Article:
Full Text Opinion

    Full Text Opinion

    e-Journal #: 73119
    Case: People v. Gaines
    Court: Michigan Court of Appeals ( Unpublished Opinion )
    Judges: Per Curiam – Swartzle, Gleicher, and M.J. Kelly
    Issues:

    Ineffective assistance of counsel; People v. Harmon; Failure to make a futile objection; People v. Crews; Search & seizure; Per se unreasonableness of warrantless searches; People v. Beuschlein; Consent & exigent circumstances exceptions; People v. Davis; People v. Mahdi; People v. Chowdhury

    Summary:

    Holding that the police did not obtain the jacket in question in violation of defendant’s Fourth Amendment rights and thus, defense counsel was not ineffective for failing to make a futile objection to its admission into evidence, the court affirmed his unarmed robbery conviction. The case arose from a purse snatching. Both the victim and a man who chased the suspect testified that the suspect was wearing a brown leather jacket and had entered a multi-unit house. After defendant was detained, police conducted a protective sweep of the apartment he had been in and found a brown leather jacket in a closet. They conducted the sweep because he told them “that his cousin had stopped by the apartment and left after defendant would not open the door.” He argued on appeal that the police obtained the jacket in an unconstitutional search and thus, defense counsel was ineffective for failing to object to its admission. The court held that his statements about “his cousin provided the police a specific reason to be concerned that someone else was present in the apartment who posed a potential threat to the officers and the downstairs residents. This was especially true given [a police witness’s] testimony that he did not believe defendant’s story and” thus, did not trust his claim that his cousin had left. “The quick and limited protective sweep of the apartment in this case was reasonable on these facts.” Further, the police witness testified that, while “he believed that the officers had detained the robbery suspect because defendant matched the suspect’s description, a protective sweep was necessary to confirm that no other potential suspect was hiding in the apartment and to prevent an escape. Because preventing the escape of a suspect constitutes an exigent circumstance and an exception to the warrant requirement, the officers’ search of the apartment to prevent the escape of another potential suspect was reasonable under the circumstances.” Further, the later search during which the jacket was collected was conducted with the apartment resident’s consent. Defense counsel was not ineffective for failing to object to properly obtained evidence.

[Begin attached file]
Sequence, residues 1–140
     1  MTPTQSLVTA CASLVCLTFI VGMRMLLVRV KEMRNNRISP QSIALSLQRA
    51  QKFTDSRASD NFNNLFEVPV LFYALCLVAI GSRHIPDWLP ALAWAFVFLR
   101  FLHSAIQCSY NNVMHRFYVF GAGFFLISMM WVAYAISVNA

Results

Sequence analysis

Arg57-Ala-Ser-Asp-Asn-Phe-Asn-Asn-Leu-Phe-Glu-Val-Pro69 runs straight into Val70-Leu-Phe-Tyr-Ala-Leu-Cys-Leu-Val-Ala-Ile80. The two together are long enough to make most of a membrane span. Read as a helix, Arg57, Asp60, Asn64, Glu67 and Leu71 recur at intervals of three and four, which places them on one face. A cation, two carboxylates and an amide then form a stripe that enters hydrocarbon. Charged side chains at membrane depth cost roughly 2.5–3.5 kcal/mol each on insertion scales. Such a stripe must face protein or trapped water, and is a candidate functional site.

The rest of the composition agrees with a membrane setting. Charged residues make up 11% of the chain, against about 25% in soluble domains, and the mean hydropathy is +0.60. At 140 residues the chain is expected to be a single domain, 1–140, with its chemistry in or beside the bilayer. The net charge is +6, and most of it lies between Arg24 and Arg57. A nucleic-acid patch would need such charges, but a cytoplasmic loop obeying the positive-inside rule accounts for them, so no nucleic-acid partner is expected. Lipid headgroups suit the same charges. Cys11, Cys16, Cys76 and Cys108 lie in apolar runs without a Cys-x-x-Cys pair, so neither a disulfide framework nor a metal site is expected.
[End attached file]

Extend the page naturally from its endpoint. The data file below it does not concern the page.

Full Text Opinion

    Full Text Opinion

    e-Journal #: 73125
    Case: People v. Williams
    Court: Michigan Court of Appeals ( Unpublished Opinion )
    Judges: Per Curiam - Beckering, Fort Hood, and Shapiro
    Issues:

    Claim the prosecution presented perjured testimony; People v. Schrauben; Willful false testimony requirement; In re Contempt of Henry; Mere contradictions in a witness’s testimony; People v. Parker; Credibility determinations; People v. Cameron; People v. Perry; Admission of a witness’s recorded conversations with defendant; MCL 750.539c; Eavesdrop or eavesdropping defined; MCL 750.539a(2); Sullivan v. Gray; Lewis v. LeGrow; Ineffective assistance of counsel; People v. Grant; Failure to investigate; People v. Trakhtenberg; People v. Russell; Failure to be present for defendant’s meeting with law enforcement officials; Failure to raise a futile objection; People v. Thomas

    Summary: